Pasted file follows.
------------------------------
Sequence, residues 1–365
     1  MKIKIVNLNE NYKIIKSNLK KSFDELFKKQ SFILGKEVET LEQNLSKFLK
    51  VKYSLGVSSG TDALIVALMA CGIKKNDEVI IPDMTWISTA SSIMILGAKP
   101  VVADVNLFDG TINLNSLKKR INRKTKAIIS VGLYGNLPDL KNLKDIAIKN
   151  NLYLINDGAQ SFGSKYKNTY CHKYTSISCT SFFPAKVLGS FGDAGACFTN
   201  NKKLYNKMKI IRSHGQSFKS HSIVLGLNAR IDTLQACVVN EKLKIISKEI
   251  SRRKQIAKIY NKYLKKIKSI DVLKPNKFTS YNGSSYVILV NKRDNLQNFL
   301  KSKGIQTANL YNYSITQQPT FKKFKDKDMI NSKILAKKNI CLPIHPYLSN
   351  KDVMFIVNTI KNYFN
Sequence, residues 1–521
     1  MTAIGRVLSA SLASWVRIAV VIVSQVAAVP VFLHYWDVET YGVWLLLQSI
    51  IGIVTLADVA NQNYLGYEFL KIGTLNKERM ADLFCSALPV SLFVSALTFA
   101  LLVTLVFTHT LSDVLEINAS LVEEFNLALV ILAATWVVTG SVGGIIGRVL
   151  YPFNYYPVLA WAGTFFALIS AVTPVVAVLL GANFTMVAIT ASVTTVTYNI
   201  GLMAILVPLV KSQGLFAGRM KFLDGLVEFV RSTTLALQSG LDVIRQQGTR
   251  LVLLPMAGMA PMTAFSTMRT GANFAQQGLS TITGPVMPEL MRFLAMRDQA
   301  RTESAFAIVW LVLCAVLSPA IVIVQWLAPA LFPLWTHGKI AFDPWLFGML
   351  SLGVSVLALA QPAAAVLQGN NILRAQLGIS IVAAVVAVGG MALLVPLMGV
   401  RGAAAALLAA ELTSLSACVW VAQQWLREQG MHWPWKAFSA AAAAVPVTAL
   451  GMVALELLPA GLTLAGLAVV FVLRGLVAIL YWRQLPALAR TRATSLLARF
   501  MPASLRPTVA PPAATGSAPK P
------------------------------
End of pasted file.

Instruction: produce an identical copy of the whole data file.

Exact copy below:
Sequence, residues 1–365
     1  MKIKIVNLNE NYKIIKSNLK KSFDELFKKQ SFILGKEVET LEQNLSKFLK
    51  VKYSLGVSSG TDALIVALMA CGIKKNDEVI IPDMTWISTA SSIMILGAKP
   101  VVADVNLFDG TINLNSLKKR INRKTKAIIS VGLYGNLPDL KNLKDIAIKN
   151  NLYLINDGAQ SFGSKYKNTY CHKYTSISCT SFFPAKVLGS FGDAGACFTN
   201  NKKLYNKMKI IRSHGQSFKS HSIVLGLNAR IDTLQACVVN EKLKIISKEI
   251  SRRKQIAKIY NKYLKKIKSI DVLKPNKFTS YNGSSYVILV NKRDNLQNFL
   301  KSKGIQTANL YNYSITQQPT FKKFKDKDMI NSKILAKKNI CLPIHPYLSN
   351  KDVMFIVNTI KNYFN
Sequence, residues 1–521
     1  MTAIGRVLSA SLASWVRIAV VIVSQVAAVP VFLHYWDVET YGVWLLLQSI
    51  IGIVTLADVA NQNYLGYEFL KIGTLNKERM ADLFCSALPV SLFVSALTFA
   101  LLVTLVFTHT LSDVLEINAS LVEEFNLALV ILAATWVVTG SVGGIIGRVL
   151  YPFNYYPVLA WAGTFFALIS AVTPVVAVLL GANFTMVAIT ASVTTVTYNI
   201  GLMAILVPLV KSQGLFAGRM KFLDGLVEFV RSTTLALQSG LDVIRQQGTR
   251  LVLLPMAGMA PMTAFSTMRT GANFAQQGLS TITGPVMPEL MRFLAMRDQA
   301  RTESAFAIVW LVLCAVLSPA IVIVQWLAPA LFPLWTHGKI AFDPWLFGML
   351  SLGVSVLALA QPAAAVLQGN NILRAQLGIS IVAAVVAVGG MALLVPLMGV
   401  RGAAAALLAA ELTSLSACVW VAQQWLREQG MHWPWKAFSA AAAAVPVTAL
   451  GMVALELLPA GLTLAGLAVV FVLRGLVAIL YWRQLPALAR TRATSLLARF
   501  MPASLRPTVA PPAATGSAPK P